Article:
New initiatives from the Student Success/Learning to 18 Strategy. Co-op students click here to view our co-op course page.
What is Cooperative Education?
The cooperative education course consists of a classroom component and a placement component. Through these two components, the cooperative education course prepares the student for successful participation in a work placement; provides sufficient time and various opportunities at the placement to enable the student to apply and further develop the knowledge and skills acquired in the related course; and provides opportunities for the student to integrate the learning acquired in school and at the placement. There are special co-op opportunities for First Nation, Métis, Inuit students.
Cooperative education courses may be planned as 2-credit or 4-credit courses, but a minimum of two credits are encouraged in order to ensure sufficient time at the placement for the student to fully achieve the required knowledge and skills.
There are several Ministry programs that happen within the cooperative education. OYAP – an apprenticeship participation program, SHSM – a concentrated subject based program and Dual Credits – a reach ahead activity that allows high school students to enroll in a College program and earn both high school and college credits. You can get detailed information by clicking on the tabs above.
View the Cooperative Education Fact Sheet.
Summer School Co-op
Aboriginal Youth Co-op Opportunities
Alternative Education Co-op
Continuous Intake Co-op
Special Needs Co-op
What is OYAP?
The Ontario Youth Apprenticeship Program (OYAP) is
a program that enables students to learn a skilled trade while completing the requirement for their Ontario Secondary School Diploma (O.S.S.D.) and is fully supported by the Ministry of Training, Colleges and Universities (MTCU).
The partnership involves a student who wants to learn a skilled trade, the school cooperative education teacher who arranges and monitors the placement, an employer who provides the training and the Ministry of Training, Colleges and Universities which administers and regulates the program.
The Ontario College of Trades - April 8, 2013
The Ontario government has passed legislation, the Ontario College of Trades and Apprenticeship Act, 2009 to establish the College of Trades – a regulatory body that will help modernize the province’s apprenticeship and skilled trades system. The College, which is at arm’s-length from the government, will be fully operational in 2013.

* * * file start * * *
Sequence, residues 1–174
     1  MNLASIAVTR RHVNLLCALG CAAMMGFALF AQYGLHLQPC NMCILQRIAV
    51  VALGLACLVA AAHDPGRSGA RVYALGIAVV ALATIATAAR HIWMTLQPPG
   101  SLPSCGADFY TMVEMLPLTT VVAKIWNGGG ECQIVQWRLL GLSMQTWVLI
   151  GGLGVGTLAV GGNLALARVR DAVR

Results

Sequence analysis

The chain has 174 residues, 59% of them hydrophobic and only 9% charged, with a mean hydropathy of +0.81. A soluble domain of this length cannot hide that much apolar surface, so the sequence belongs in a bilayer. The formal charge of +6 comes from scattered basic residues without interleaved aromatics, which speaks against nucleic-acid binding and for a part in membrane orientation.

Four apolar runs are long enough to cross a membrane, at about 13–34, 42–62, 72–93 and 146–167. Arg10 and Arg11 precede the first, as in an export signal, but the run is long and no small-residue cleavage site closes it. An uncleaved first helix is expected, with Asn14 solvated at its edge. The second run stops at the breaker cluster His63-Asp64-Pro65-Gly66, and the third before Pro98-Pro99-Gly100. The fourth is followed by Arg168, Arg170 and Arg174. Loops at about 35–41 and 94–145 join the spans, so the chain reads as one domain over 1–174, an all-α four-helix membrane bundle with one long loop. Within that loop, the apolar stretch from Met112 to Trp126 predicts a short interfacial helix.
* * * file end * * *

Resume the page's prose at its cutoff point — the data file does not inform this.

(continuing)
The Ontario College of Trades is the first regulatory body for skilled trades in North America. A regulatory body is an industry-led organization that oversees a profession and regulates/governs its members in the public interest.
All OYAP students holding a registered training agreement will be required to register with the Ontario College of Trades via their website within 90 days of signing as an OYAP student. There will be no professional fees paid while you remain in high school. If you continue your Apprenticeship after high school you will be required to pay annual professional fees each year.
The OCOT (Ontario College of Trades) will be responsible for certification while the MTCU (Ministry of Training, Colleges and Universities will be responsible for all training.
View a list of Apprentice Trades and the Red Seal Website.
View the OYAP Students FAQ.
I Want to Work in the Trades
Facts to Consider
Demographics and labour market statistics suggest that within the next few years many skilled trades people will be retiring. This will present opportunities for young people interested in beginning a skilled occupation.
In Ontario many students do not attend university or college after leaving high school. A number of these students enjoy learning by doing. A work experience in a skilled trade through the OYAP option can provide these students with an early start in a career with a future.
The average age of an apprentice in Ontario is 26 years. The Ontario Youth Apprenticeship Program enables high school students to begin careers in the skilled trades at a much earlier age. There are over 130 skilled occupations in Ontario. Many of these skilled trades are well paying, secure and provide a great future. In several skilled trades, wage rates are higher than in many other careers and professions.
It takes an average of two to five years to complete an apprenticeship program. In comparison, it takes three to four years to complete a university undergraduate program and two to three years to complete a college program. Apprenticeship training is a cost-effective third option in addition to the traditional community college or university route enabling apprentices to earn while they learn. Between 80-90 per cent of apprenticeship training takes place on the job.
View a short OYAP Video in English View a short OYAP Video in French
Level 1 Apprenticeship Training Opportunities February 2016
Read about the Level 1 Apprenticeship Training from St. Clair College for
Automotive Service Technician and General Machinist from April to June 2016.
St. Clair College is now accepting applications for these apprenticeships.
Lambton College is offering Level 1 Apprenticeship training for Cook, Hairstylist and Welding
February to June 2016. View the class schedules for Cook, Hairstylist and Welding.
Lambton College is now accepting applications for these apprenticeships.
What is the Specialized High Skills Major?
Specialist High Skills Majors let students focus on a career path that matches their skills and interests while meeting the requirements of the Ontario Secondary School Diploma (OSSD).
View the SHSM Fact Sheet.
View the SHSM Newsletter from St. Patrick's and from Ursuline College.
Students receive the SHSM's distinctive red seal on their diploma when they:
• complete a specific bundle of 8-10 courses in the student's selected field
• earn valuable industry certifications including first aid and CPR qualifications